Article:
Thursday, 18 June 2009

Peru/UK: Monterrico Metals Assets Frozen

Remember the torture that took place at Majaz in Peru? And the lamentable failure of the Peruvian justice system to bring those reponsible to book?

The story rumbles on.

On June 2nd, London law firm Leigh Day served an injunction against Monterrico Metals to freeze their assets pending a further hearing on 16 June (Tuesday). Here is the information provided by the lawyers:

1. Proceedings have been commenced in the English High Court by Leigh Day & Co on behalf of 13 Peruvians seeking compensation from British mining company Monterrico Metals PLC ("Monterrico") and its Peruvian subsidiary Rio Blanco Copper SA.

2. The claimants were tortured by the police following their protest at the Rio Blanco Mine in August 2005, situated in a remote area of Northern Peru, close to the border with Equador. All the claimants, including two women, were detained for three days, during which time they were handcuffed, blind-folded and beaten by the police. The detention and torture occurred at the Rio Blanco Mine site and also allegedly involved guards of the mine security company, Forza. As a result, the claimants suffered long term physical and psychological injuries and financial losses.

3. The Claimants allege that the Defendants must have known of the conditions in which they were being detained, but failed to take steps to prevent or end their ordeal. In March this year, Peruvian prosecutors accused the police of torture but cleared the mining company and Forza of wrongdoing. Peruvian human rights groups denounced the findings as incomplete.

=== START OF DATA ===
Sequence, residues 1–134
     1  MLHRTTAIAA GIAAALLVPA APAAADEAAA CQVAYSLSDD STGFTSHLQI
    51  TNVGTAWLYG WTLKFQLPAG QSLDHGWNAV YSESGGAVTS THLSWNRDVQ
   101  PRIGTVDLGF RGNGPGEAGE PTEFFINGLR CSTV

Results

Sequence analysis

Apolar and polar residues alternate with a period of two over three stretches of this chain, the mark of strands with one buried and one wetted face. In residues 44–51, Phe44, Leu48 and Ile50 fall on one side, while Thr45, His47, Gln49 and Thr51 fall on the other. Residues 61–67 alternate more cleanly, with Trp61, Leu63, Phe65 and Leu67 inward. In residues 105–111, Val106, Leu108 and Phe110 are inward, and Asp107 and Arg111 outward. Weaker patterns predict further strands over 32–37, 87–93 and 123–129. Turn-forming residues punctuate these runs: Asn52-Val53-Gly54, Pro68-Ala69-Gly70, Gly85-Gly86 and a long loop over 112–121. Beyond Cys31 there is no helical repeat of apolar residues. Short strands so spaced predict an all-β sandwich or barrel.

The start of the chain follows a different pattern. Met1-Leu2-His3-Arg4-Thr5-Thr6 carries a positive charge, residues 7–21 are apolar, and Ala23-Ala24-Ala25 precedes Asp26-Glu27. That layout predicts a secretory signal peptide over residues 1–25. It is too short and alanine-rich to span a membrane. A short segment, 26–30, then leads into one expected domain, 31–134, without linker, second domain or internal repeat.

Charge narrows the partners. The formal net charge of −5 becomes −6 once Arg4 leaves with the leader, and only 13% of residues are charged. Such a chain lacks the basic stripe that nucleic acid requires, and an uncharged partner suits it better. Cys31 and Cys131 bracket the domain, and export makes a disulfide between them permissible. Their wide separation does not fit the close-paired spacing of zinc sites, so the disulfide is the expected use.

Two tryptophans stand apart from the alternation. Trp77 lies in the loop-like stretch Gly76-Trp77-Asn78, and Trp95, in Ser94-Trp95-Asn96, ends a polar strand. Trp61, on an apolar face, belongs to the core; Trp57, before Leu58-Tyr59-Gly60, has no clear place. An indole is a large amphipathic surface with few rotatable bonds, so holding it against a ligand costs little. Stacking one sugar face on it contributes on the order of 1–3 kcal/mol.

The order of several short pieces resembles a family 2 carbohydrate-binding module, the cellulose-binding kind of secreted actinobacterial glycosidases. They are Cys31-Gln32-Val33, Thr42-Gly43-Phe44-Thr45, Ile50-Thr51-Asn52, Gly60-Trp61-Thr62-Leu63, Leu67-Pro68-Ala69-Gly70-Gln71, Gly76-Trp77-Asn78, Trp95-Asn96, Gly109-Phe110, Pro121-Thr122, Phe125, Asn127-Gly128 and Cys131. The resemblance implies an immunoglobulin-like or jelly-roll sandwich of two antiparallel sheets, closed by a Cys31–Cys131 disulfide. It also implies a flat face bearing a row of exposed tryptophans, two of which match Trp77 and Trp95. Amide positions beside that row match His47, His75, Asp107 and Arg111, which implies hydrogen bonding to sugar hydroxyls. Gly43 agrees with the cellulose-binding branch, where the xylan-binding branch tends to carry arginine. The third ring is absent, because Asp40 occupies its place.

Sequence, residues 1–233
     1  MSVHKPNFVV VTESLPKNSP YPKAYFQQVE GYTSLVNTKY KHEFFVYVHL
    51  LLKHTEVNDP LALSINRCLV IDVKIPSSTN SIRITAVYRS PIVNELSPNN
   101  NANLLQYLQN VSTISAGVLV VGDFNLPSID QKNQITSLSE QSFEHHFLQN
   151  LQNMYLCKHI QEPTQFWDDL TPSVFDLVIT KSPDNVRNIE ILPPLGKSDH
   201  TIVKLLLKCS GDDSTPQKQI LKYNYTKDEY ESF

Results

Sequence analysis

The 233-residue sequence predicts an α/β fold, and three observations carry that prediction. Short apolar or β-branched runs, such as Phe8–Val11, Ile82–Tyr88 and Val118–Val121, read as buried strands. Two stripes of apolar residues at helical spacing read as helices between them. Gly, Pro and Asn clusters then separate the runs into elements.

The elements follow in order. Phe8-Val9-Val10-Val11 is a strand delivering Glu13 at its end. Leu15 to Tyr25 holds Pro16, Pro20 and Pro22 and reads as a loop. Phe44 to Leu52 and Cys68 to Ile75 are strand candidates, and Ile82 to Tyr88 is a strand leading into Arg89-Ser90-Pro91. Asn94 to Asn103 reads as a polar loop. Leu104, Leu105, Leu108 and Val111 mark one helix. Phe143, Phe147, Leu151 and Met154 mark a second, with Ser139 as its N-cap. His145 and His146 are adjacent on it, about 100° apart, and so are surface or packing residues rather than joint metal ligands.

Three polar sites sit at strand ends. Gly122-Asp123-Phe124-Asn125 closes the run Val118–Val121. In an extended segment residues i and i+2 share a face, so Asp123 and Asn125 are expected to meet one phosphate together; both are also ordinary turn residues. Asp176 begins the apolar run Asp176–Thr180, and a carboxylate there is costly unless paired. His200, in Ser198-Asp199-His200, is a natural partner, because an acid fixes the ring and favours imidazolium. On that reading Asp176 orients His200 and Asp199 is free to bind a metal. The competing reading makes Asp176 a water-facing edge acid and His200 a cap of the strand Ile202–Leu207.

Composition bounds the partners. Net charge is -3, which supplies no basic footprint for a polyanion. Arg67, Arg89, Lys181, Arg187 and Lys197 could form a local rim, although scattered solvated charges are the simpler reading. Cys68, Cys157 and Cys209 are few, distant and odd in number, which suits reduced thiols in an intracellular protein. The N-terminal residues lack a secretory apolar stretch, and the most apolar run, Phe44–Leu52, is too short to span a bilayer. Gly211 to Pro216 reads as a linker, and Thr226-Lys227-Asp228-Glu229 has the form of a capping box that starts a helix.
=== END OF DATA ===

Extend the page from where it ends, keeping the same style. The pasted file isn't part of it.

4. Monterrico's principal asset is the Rio Blanco Mine and Monterrico had a close involvement in the operations at the Mine. In terms of ownership: Monterrico owns all the shares in Copper Corp Limited (Cayman Islands); Copper Corp Limited owns all the shares in Rio Blanco Copper Limited (Cayman Islands); Rio Blanco Copper Limited owns 99.98% shares in Rio Blanco Copper SA (Peru). Rio Blanco Copper SA owns the Mine.

5. On 3 June 2009, Monterrico de-listed from the AIM UK stock exchange. Because it had also relocated its corporate headquarters to Hong Kong, we were concerned that Monterrico might be planning to dispose of its assets and transfer them to Hong Kong. If that happened, then the claimants might find that their UK legal action was futile. (NB it is not alleged that the purpose of any such intention to dispose of assets was related to these claims).

6. On 2 June 2009, a freezing injunction was granted by Mr Justice Burton of the High Court. This prohibited Monterrico from disposing of assets to an extent that would leave Monterrico with less than �7.2 million.

7. The injunction application was made in the absence of Monterrico. However Monterrico and its directors have been served with the court order. A further hearing has been fixed on 16 June, when Monterrico will have an opportunity to contest the freezing injunction.

Contact: Richard Meeran, Partner, Leigh Day & Co, 020 7650 1365, 0750 7798 358

That decision was upheld during the second hearing, leaving open the possibility that the torture victims, and the family of the man who died, may be able to receive compensation through the British courts.

Juez britanico ordena congelamiento por $12 millones contra Monterrico Metals

British Mining Company Faces Injunction over Torture Allegations in Peru (Reuters AlertNet)

Cortes britanicos ordenan congelamiento de cuenta contra Monterrico Metals (La Republica)

British Court Orders Majaz Mining Company's Assets to Be Frozen for Tortures in Peru (Living in Peru)

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